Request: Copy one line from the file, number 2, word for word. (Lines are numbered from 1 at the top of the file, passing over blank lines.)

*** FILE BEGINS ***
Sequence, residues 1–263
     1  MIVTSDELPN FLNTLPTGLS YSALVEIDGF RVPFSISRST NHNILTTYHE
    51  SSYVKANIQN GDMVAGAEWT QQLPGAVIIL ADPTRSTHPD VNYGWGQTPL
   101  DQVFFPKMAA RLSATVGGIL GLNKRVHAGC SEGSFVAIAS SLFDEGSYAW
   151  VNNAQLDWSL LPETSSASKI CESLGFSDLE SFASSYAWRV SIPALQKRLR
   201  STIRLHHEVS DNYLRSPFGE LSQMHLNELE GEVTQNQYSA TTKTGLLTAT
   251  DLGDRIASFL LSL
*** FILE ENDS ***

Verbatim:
     1  MIVTSDELPN FLNTLPTGLS YSALVEIDGF RVPFSISRST NHNILTTYHE